In ancient times, wearing a turban was a common practice in other faiths.
- Once predominantly in farming and military, the Sikhs today are pursuing and excelling in
many fields: science, technology, medicine, business, banking, building, law, music,
education, and politics. Prime Minister of India, Dr.Manmohan Singh, several members of
Canadian Parliament, Father of Fiber-optics, Narinder Singh Kapany, are all Sikhs.
. Known for their robust and hardy attitude towards life and adventure, a deep sense of
humanitarian and community-building spirit, Sikhs are engaged in contributing to “life,
liberty, and pursuit of happiness” in new countries and at new crossroads.
Since 9/11, Sikhs in America have been the victims of harassment, discrimination, identity
problems (mistakenly confused as Taliban and Al-Qaeda terrorists), unprovoked violence,
bullying in schools, senseless hate crimes, and even murder.
UNITED WAY FOCUS ON DIVERSITY AND INCLUSION INITIATIVES:
Ethnic communities are a segment of American society that has not yet fully integrated into the mainstream American culture and societal fabric. As a growing and successful group, they have a lot to contribute and further strengthen the work of United Way as a rich source for volunteers, community-building spirit, skills, and investments needed to serve critical areas.
SEARCHING FOR NEW WAYS TO CONNECT
The English poet, Sir William Blake, challenged us almost 150 years ago: “Clasp hands and know the thoughts of men in other lands.” Providentially, the people Sir Blake spoke of have crossed the once formidable frontiers and today they are all around us. We need to work with our hearts to invite them to work with us; support organizations like United Way in robust ways, in greater numbers, and share their pride, experiences, and enormous gifts with the communities where they live and work, in lands and neighborhoods that they call home.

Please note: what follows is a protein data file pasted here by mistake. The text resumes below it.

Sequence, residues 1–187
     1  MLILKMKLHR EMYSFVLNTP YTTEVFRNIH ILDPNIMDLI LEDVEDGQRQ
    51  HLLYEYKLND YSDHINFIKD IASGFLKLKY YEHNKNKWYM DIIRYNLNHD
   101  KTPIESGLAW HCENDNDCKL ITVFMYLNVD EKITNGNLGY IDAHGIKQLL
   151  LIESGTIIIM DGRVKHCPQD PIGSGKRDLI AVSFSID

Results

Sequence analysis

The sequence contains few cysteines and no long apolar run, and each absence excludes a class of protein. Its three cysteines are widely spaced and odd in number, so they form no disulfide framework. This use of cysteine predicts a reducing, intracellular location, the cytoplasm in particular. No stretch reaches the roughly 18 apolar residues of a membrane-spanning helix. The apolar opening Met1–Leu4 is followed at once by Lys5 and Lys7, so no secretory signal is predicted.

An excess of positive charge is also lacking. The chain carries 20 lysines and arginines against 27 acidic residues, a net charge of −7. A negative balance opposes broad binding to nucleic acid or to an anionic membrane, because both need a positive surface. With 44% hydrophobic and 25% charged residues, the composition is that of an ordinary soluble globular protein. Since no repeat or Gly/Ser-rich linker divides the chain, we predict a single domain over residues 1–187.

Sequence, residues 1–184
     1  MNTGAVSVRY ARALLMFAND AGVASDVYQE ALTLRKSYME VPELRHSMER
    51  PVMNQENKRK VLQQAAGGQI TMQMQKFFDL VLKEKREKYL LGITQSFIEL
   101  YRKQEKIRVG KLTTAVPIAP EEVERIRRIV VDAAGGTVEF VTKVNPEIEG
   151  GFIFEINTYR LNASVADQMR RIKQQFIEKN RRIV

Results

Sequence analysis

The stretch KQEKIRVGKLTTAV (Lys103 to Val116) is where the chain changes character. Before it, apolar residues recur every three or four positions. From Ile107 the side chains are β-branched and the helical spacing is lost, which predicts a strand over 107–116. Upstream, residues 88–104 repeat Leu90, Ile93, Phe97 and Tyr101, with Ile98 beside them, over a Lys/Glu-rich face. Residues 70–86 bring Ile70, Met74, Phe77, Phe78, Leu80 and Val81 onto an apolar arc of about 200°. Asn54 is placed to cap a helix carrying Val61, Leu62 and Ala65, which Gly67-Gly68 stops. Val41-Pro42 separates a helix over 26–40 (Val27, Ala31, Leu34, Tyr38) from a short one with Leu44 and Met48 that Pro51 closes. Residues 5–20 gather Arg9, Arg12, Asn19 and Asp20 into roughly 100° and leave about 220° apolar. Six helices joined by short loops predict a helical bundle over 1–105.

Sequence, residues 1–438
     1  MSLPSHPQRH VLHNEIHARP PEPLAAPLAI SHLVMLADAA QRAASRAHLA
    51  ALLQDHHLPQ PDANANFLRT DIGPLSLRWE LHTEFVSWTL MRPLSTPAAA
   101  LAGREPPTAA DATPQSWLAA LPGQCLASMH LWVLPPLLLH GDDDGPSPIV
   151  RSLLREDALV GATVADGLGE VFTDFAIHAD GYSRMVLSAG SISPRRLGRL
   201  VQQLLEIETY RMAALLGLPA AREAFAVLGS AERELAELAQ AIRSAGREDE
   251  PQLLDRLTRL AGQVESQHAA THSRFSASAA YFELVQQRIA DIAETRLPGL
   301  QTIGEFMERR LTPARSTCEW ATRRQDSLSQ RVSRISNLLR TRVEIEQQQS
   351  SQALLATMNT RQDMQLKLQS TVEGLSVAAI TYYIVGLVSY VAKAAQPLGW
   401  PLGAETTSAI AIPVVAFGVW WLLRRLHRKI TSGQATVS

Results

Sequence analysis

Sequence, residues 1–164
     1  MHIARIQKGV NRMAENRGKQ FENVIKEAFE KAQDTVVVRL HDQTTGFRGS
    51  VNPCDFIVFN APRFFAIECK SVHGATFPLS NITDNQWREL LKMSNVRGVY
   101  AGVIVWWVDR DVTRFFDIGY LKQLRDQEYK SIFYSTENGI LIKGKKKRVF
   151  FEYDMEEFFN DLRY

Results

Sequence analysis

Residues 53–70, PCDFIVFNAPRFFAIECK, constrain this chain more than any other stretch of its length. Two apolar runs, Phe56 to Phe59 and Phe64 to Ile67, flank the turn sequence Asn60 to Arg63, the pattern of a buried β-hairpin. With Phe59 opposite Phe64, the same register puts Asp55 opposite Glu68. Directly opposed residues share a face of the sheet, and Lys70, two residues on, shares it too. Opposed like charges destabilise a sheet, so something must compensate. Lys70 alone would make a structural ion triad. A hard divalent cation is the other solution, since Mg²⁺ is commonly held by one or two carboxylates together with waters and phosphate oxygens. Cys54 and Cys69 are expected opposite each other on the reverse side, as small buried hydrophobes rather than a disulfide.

I see the invitation to speak to you and tell you something about Sikh Faith, Culture, and Community as symbolizing that we are turning a new corner, searching for new ways to connect, learn the faiths and cultures, values and hopes of our neighbors. I thank you for this opportunity to visit with you and now I invite you to go farther: enlarge the circle of your outreach and expand your opportunities. Thanks to you, some of the truly meaningful things happen in our cities and states. The United Way Inclusion initiatives need to explore the untapped assets represented in cultural and ethnic groups and bring in new partners like the Sikh Americans in the fold to do more good things in America and around the world. This has the potential of an all-around landmark triumph, since the new immigrants are in search of a rightful place and anchor for their pioneering spirit and sense of belonging in new lands and yet unfamiliar crossroads.
IT ALL BEGINS WITH LEARNING
The Sikh faith reminds us that the world is a classroom of learning and an opportunity to grow and serve; see events as lessons and inspirations. The word Sikh means a disciple, a life-long student.
It is through learning that we can dispel misunderstandings about something unfamiliar; end unfounded stereotyping of entire communities. May be in time, we develop respect and trust, walk toward each other in friendship, recognize common hopes and prayers and unite to serve causes greater than our own. The interfaith, multi-cultural, diversity initiatives have taken on a new meaning. In today’s interconnected and interdependent world, changing times and perceptions, community dynamics and demographics, this expanded inclusiveness, I believe should be an important and integral part of the vision and mandate of organizations like United Way Worldwide. To serve the ever-expanding needs of people, we need new advocates and dedicated new citizen-ambassadors.